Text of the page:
Ruane, Denham re-elected as mayor and vice mayor of city council
The Sanibel City Council re-elected its mayor and vice mayor at last week’ meeting, as well as approved a floodplain management ordinance and one amending city building regulations.
On April 3, Mayor Kevin Ruane and Vice Mayor Mick Denham were re-elected to their previous positions by the council. A sitting member since 2007, Ruane has served as the council’s mayor since 2010. Denham, elected to the council in 2005, has served consecutively as vice mayor since 2015.
“I think he’s done an outstanding job in the last year,” Denham said when nominating Ruane.
Councilman Chauncey Goss received a nomination from Councilman Jason Maughan.
“I believe in the rotation of positions on the council,” Maughan said of the move.
Ruane, Denham and Councilwoman Holly Smith voted in support of the nomination for Ruane as mayor, while Goss and Maughan voted for Goss. A vote to re-elect Ruane passed in a 5-0 vote.
Nominated by Ruane, Denham was the only name put forward for vice mayor.
The council voted unanimously in favor of the nomination and re-election.
An ordinance to amend the city code to accommodate the mandatory adoption of a new Chapter 94, which establishes a floodplain management ordinance and regulations for Sanibel, passed in a 5-0 vote. The ordinance also entailed adopting a new map that shows the additional, coastal high hazard areas.
The ordinance, based on a Florida Division of Emergency Management model, is consistent with regulations from the Florida Building Code, Federal Emergency Management Agency and National Flood Insurance Program. It preserves the city’s status and rating in the NFIP’s Community Rating System, keeping in place a 25 percent discount on flood insurance premiums for property owners.
As part of the repeal and replacement of Chapter 94, city staff were required to analyze “any flood provisions historically required” that could not be included, according to a memo by Building Official Harold Law. Only one requiring storage areas be limited to two separate enclosures was found.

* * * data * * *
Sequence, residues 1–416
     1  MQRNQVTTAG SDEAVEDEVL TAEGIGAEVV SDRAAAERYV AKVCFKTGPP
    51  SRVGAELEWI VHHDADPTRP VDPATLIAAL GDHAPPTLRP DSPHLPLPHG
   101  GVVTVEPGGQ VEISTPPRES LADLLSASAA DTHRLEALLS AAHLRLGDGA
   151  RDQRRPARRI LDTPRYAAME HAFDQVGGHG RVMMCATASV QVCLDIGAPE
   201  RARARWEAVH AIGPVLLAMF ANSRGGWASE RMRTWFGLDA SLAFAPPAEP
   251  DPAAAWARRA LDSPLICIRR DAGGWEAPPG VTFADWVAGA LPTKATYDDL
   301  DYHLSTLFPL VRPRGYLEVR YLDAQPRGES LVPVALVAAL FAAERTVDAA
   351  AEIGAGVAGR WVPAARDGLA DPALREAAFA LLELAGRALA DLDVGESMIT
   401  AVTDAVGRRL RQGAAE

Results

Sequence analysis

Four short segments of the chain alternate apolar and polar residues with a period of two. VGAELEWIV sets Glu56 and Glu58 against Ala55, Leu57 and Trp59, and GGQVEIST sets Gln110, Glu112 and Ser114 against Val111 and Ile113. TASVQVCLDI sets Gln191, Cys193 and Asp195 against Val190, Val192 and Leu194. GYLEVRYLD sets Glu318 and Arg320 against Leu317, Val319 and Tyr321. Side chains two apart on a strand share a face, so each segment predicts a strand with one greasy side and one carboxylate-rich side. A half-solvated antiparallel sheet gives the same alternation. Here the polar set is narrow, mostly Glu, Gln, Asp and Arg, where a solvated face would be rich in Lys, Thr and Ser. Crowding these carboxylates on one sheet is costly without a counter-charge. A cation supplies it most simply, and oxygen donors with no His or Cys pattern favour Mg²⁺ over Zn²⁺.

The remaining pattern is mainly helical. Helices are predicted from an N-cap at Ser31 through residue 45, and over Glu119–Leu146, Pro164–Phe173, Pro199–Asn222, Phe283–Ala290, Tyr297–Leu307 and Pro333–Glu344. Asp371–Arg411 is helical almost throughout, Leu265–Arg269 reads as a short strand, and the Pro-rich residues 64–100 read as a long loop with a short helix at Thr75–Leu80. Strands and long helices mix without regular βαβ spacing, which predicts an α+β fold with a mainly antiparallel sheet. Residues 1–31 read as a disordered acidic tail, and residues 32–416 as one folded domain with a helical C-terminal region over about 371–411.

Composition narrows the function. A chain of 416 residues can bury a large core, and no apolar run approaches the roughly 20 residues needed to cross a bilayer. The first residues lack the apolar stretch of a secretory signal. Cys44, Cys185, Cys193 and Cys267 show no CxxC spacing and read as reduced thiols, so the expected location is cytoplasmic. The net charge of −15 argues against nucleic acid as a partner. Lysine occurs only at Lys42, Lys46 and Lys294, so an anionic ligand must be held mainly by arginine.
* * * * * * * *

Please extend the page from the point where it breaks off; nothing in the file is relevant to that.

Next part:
The provision targeted walls below the design flood elevation, or elevated floor.
To preserve the storage partitioning rule, a second ordinance was proposed that amended the city’s building and buildings regulations to include it as a “technical amendment.” It also proposed revising several articles within the code to remove any “inapplicable, redundant or pre-empted provisions.”
Law noted in his memo, however, that “upon further review, I have determined that the partition provision cannot be adopted as a technical amendment” as written in the ordinance. He recommended that the council approve the ordinance to update city code, but remove the “partition language.”
City Attorney Ken Cuyler reiterated the staff recommendation during the meeting.
“So we won’t have that partition requirement,” he said.
The council voted 5-0 to approve the ordinance without the partition section.
Also at the meeting, the council voted unanimously to allow the sale of alcohol at the Seahorse Festival, being held by The Sanibel School’s PTA on May 5 at the Sanibel Community Park.
The item was pulled from last month’s meeting agenda due to a concern over parking.
Maughan, who worked with the PTA and city staff to address the issues voiced by council at the previous meeting, provided the others on the dais with an update before the vote was taken.
“We have excess parking,” he said. “We have excess security.”
He noted that once council approved the sale of alcohol, the PTA could submit its application to Florida’s Bureau of Alcohol, Tobacco, Firearms and Explosives the final action to be taken.
On a side note, Maughan recommended that the PTA plan more in advance next year.